In small TBX files there is rarely a need to consider code optimisation, but as your files grow in note count and complexity and acquire more agents you may see the time-to update increase, i.e. how quickly code changes are effected. In such circumstances, or just as best practice, it is worth reviewing and applying a few optimisation techniques.
These do not directly affect code execution (other than by bad syntax) but help make everything else easier.
Using prototypes to set up and/or locate discrete sets of note(s) is a big productivity gain. Editing code (or code notes) once can then affect many notes. Consider using $RuleDisabled and $DisplayExpressionDisabled in the prototype so as to suppress execution of such code in the prototype. If applying prototypes as part of incremental formalisation, do not forget to reset the inheritance of any prototype-using note's attributes that may have previously had a local value set.
Check your syntax
Make sure your code does not include deprecated syntax. At some point in the future the code may not work at all and in the meantime you're making Tinderbox guess your real intent. Tinderbox does not warn about the existence deprecated code (it can't know what things are that the parser doesn't 'understand'), so updating code is an exercise left to the user.
Act on the right subject: originals vs. aliases
Be aware that if using actions in agents, you are acting on the original, so values of intrinsic attributes
These techniques can help with tuning performance once the size and complexity of your TBX grows:
- Narrow the scope of agent search. Review and rewrite queries so each successive query terms tests fewer items. The fewer tests, in aggregate that Tinderbox has to make the faster the results. This is especially true if the (final) tests is based on a complex regular expression such as in .contains(). If the desired matching group of notes is not easily defined in narrow scope, consider giving them all the same prototype.
- Querying existing agents. Rather than have numerous agent all querying the same overall scope, consider making one agent to to that first selection and then have other agents query that agent's results using different queries. So rather than have 5 agents querying descendedFrom("X"), make a single agent, e.g. 'agent A', do the latter and the the other use inside("agent A") as their first query term. Do note though that this means it may take several agent cycles for a change to cycle through.
- Agent Priority ($AgentPriority). Not every agent needs to run every cycle. The agent's priority can be set via the agent's Action Inspector's Query sub-tab or directly in code via $AgentPriority. Also consider an agent to find all agents allowing you to easily adjust their $AgentPriority via its action. Or make a stamp to toggle $AgentPriority on/off.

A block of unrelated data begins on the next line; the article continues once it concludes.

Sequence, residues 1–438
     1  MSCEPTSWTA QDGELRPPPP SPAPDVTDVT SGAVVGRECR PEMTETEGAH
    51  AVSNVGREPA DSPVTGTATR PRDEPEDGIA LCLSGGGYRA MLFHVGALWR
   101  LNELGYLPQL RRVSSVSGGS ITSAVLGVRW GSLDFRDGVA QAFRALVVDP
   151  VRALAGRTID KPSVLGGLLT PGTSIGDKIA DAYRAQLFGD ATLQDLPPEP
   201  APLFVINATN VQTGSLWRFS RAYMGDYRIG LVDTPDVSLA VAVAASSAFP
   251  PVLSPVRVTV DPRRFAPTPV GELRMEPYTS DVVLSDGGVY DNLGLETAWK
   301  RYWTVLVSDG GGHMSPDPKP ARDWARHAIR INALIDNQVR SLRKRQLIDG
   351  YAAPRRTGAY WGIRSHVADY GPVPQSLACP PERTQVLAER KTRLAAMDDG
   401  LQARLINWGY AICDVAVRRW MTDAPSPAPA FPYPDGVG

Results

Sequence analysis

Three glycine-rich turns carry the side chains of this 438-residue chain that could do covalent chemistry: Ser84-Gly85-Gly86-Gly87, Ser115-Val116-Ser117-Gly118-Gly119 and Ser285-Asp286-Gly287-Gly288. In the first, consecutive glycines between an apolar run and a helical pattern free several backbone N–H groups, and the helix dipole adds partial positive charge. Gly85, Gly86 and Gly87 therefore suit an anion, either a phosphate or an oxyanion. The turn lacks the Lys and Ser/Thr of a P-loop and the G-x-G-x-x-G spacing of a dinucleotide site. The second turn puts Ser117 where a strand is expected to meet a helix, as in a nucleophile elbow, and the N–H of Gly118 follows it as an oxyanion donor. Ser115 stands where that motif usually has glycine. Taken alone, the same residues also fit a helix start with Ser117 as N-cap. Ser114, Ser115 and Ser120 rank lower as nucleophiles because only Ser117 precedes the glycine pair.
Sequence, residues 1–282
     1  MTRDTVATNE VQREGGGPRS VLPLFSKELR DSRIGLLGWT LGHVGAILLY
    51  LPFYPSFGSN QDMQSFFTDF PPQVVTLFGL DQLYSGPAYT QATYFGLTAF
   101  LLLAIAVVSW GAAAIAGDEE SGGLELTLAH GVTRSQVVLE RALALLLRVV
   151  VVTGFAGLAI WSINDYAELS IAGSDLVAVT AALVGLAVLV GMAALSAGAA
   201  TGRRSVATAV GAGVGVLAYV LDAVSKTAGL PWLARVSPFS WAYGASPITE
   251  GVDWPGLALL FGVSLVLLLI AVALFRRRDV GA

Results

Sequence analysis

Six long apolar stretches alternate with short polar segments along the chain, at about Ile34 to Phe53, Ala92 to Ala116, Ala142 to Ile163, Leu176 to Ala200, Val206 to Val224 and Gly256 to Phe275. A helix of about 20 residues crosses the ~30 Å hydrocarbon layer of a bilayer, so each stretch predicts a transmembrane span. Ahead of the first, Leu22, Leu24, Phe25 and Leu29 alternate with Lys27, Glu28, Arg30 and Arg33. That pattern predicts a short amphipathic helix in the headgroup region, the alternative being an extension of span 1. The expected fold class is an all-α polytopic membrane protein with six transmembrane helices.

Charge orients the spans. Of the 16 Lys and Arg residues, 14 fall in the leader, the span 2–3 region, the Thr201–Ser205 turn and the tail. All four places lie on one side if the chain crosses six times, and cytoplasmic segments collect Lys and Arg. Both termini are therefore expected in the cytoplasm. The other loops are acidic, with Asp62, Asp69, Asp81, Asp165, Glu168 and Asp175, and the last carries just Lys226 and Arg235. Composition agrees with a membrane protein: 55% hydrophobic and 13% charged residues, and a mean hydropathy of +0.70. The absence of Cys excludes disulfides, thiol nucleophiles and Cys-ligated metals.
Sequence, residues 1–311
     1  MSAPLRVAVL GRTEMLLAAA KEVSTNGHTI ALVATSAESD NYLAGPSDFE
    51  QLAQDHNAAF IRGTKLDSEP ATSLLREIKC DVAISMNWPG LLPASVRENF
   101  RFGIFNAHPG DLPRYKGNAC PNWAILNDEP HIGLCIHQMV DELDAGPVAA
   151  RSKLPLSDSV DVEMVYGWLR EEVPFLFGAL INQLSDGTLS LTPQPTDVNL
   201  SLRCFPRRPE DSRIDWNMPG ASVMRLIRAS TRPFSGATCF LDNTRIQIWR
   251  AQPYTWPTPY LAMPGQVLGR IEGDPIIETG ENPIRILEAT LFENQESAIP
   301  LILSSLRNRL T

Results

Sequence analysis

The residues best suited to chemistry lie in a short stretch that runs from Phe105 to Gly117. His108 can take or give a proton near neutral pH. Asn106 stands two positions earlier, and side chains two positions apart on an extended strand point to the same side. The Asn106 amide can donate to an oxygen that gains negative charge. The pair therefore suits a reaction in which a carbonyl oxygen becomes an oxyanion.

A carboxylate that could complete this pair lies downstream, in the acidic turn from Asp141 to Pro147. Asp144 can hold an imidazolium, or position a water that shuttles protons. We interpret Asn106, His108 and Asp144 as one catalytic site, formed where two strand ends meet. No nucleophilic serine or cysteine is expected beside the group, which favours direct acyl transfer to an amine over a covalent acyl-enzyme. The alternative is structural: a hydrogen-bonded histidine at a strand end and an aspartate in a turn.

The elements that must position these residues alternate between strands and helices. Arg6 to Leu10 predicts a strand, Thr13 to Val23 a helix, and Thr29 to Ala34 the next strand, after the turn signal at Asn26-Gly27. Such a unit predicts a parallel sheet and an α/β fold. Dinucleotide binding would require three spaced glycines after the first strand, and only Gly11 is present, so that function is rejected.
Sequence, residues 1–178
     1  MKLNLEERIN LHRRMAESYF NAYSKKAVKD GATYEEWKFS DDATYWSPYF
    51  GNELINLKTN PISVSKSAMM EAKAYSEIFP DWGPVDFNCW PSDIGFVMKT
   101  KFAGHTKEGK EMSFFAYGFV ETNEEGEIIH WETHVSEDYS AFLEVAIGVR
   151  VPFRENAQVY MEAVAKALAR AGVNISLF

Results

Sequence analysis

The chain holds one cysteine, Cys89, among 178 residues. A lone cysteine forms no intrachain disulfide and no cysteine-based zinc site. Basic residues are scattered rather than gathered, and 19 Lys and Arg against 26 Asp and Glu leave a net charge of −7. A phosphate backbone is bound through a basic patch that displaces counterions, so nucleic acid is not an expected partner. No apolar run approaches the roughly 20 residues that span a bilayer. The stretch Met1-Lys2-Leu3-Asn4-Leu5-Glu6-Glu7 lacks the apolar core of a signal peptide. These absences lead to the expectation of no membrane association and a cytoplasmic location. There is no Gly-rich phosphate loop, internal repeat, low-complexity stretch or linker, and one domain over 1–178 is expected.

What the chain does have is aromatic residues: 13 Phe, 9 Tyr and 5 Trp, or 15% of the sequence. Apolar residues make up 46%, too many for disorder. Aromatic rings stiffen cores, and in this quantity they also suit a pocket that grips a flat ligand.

- Re-use agents as part of queries. Queries can match aliases in other agents. If using multiple agents all with the same query start and differing final filter, it is more efficient to use one agent to find the initial query scope and then make the other agents query that one agent for the extra term. Consider an 10 agents testing the whole TBX of 1,000 notes, to match the same 100 notes then testing those to get the actual full matches. That is 1,000+100 x 10, i.e. 11,000 test in total. Now if one agent does the first match (1,000 tests) and 10 agents test its 100 aliases, we get 1,000 + (100 x 10) to give 2,000 test—just 18% of the original number of tests per agent cycle. This isn't apparent in small files, but the effects pile up as a document grows especially if the user is keen on using agents for everything. If employing this chaining, be aware of the possibility of cascade effects for which to allow.
- Caching expression results in a user attribute. Expressions like Display Expressions and Hover Expressions are, slower to run than rules or agent actions; this is especially so if the expression is anything but a simple attribute value call. As a result, if such expressions are complex, it is better to use a rule or agent action to run the code and store the expression's result in a user attribute and then have the display/hover expression simply read that stored value. Adding an extra attribute has negligible impact on the TBX.
- Use $Searchable to exclude notes. The $Searchable attribute provides an ad hoc way to exclude some notes from all searches.
- Make the action remove acted on notes from query scope. Consider making the action's outcome make changes such that the altered note no longer meets the initial query. This is a good method for making an agent effectively act once only on a note. If it is not possible to alter an attribute value being matched, e.g. it is $Text that must not be changed, consider either moving the note (via $Container), or making a user Boolean as a 'guard' field to be tested in the query for the action to set (e.g. an $IsCorrected).